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Caml on intel-OSX
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Date: 2005-06-10 (00:42)
From: Jacques Garrigue <garrigue@m...>
Subject: Re: [Caml-list] Caml on intel-OSX
From: John Skaller <skaller@users.sourceforge.net>
> On Thu, 2005-06-09 at 18:20 +0200, padiolea@irisa.fr wrote:
> > > Lol! no, it is a simple question. Can I make a bytecode program
> > > and just ship it an expect it to run? No. So what else is required?
> > 
> > I guess that if your bytecode program require some external libraries,
> > such as for instance if you do a "open Dbm"  then you must
> > have too this library.
> > I think that ocamlrun only include code to handle the Pervasive
> > library.
> The code uses only (a) the standard library (Hashtbl and so on),
> (b) the Unix library, and (c) Bignums. Therefore the bytecode
> only requires support to be found in the standard distribution.
> I have a suspicion that one needs to '-custom' link somehow,
> to make a suitable single bytecode interpreter. The desire
> here is to *avoid* building Ocaml from source on the
> target platform, instead to use pre-built binaries,
> or, at worst, build these binaries from source,
> excluding the full Ocaml toolkit -- the compiler isn't
> required since the program is already compiled
> to bytecode.

In theory, it should be enough to have ocamlrun, and the dlls in
The an ocaml bytecode executable, linked _without_ -custom, could be
executed as:
  $ setenv CAML_LD_LIBRARY_PATH /path/to/stublibs
  $ ocamlrun myprogram
(Of course you need everything to be compiled from the same ocaml

The problem is that there is no support to compile only bits and
pieces of the ocaml distribution. And there is little point to do
that: once you've compiled the ocamlrun, all the ocaml tools will
compile without a glitch.
This said, you can try to do this by hand. On Unix, ocamlmklib is
required, so this would be:
  $ ./configure
  $ make coldstart
  $ (cd tools; make ocamlmklib)
  $ (cd otherlibs/unix; make libunix.a)
  $ (cd otherlibs/num; make libnums.a)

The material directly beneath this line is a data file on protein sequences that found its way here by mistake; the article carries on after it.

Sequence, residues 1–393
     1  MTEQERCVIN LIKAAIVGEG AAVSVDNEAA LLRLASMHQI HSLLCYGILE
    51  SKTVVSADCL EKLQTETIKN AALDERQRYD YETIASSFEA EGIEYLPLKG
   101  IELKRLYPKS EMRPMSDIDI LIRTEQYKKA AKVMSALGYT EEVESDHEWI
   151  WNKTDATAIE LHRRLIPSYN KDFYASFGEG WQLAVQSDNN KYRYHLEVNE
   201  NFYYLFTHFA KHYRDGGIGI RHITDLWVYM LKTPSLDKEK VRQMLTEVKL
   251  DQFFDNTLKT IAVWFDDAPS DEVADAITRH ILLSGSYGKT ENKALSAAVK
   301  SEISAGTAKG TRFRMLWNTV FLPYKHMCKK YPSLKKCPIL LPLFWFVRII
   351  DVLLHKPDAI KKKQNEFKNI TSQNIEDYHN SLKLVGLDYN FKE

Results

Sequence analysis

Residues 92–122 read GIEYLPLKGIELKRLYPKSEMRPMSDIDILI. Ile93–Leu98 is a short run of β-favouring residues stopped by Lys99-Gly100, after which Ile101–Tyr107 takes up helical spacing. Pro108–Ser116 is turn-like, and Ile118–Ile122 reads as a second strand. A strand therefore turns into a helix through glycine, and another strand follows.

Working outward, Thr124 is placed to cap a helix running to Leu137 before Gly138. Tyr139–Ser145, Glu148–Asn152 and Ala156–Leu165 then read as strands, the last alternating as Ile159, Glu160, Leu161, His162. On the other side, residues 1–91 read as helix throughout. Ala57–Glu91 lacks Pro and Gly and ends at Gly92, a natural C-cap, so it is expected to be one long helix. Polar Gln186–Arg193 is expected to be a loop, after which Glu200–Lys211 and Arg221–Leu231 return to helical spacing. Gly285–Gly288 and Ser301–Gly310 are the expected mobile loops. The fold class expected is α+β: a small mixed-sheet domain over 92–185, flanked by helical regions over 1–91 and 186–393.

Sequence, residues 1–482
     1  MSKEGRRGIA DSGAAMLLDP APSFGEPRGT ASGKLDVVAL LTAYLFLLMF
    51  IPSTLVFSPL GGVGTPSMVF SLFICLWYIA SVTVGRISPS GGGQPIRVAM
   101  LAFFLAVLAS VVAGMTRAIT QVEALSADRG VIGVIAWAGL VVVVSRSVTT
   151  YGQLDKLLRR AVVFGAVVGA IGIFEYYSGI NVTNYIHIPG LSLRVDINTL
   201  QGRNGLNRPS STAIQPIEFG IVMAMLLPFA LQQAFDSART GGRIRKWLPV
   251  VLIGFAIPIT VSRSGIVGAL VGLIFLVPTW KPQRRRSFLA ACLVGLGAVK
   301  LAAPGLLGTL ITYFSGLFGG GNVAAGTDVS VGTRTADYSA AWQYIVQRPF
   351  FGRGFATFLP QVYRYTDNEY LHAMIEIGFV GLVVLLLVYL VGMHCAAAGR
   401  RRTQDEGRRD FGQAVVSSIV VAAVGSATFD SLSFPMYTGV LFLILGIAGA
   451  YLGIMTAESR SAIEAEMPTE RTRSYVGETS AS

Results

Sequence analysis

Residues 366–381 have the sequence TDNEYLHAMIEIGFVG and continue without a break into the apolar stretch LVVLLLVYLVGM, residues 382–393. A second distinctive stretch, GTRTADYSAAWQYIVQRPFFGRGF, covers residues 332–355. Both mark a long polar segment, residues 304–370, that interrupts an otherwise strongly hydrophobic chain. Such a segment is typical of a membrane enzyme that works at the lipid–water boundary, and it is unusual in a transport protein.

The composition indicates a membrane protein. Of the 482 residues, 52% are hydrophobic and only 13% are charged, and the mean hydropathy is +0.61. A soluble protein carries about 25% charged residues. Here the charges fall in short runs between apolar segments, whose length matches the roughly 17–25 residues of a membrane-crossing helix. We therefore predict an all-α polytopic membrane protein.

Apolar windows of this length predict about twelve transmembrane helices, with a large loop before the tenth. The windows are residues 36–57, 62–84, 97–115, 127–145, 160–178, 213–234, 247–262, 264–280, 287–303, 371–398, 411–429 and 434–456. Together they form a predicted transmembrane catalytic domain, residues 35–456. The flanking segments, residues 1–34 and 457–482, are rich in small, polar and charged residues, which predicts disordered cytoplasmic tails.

Then copy ocamlrun, dllunix.so and dllnums.so to public places.

On windows/msvc, the process is even shorter as ocamlmklib is not
used (but I didn't check):
  $ make -f Makefile.nt runtime
  $ cd otherlibs/unix; make -f Makefile.nt dllunix.dll
  $ cd ../nums; make -f Makefile.nt dllnums.dll
However there is little point, as binaries are available:
Just get an ocaml binary distribution, and only keep ocamlrun and all
the dlls (including ocamlrun.dll).

> Both myself and my friend are trying to build the Felix
> system on diverse platforms, and make it available easily
> to potential users: this includes not only Unix like systems,
> but also Windows, Apple, and IBM platforms. At present, he 
> has got his hands on an Intel/Mac platform for a very limited time,
> (at the actual release conference) previously we worked
> on an IBM PPC64/Linux platform, G4 and G5 OSX platforms,
> and I'm trying to make the system build on native 
> Windows Win32 (XP) without Cygwin, using  MSVC++ compiler 
> and prebuilt Ocaml .. as well as trying to make both
> a Godi and Debian packages ... I wait with dread the release
> of 64 bit XP ..

What you're trying to say is not completely clear to me, especially
as you mix "sane" unix systems with "insane" msvc++.
But the whole point is that, if you're satisfied with bytecode, you
only need ocamlrun and the dlls to run any ocaml bytecode executable.
No need to recompile anything on the target platform. There is only
one exception to that: I believe that executable for windows should
link with the windows version of unix.cma. Ideally you would be
able to do that even on a unix system, but unfortunately ocamlc checks
that no external functions are missing at link time, which makes this
impossible (we need a flag to disable that check...) So for the time
being, an unix executable will run on any unix platform, and a windows
executable will run on any windows platform (including 64-bit XP, when
it will be supported). Also it should be possible to link on windows objects
produced on unix (and vice-versa). To do that you only need ocamlc
and all the cma's.

Actually it might be a good idea to provide such minimal binary
platforms for a variety of systems.

Jacques Garrigue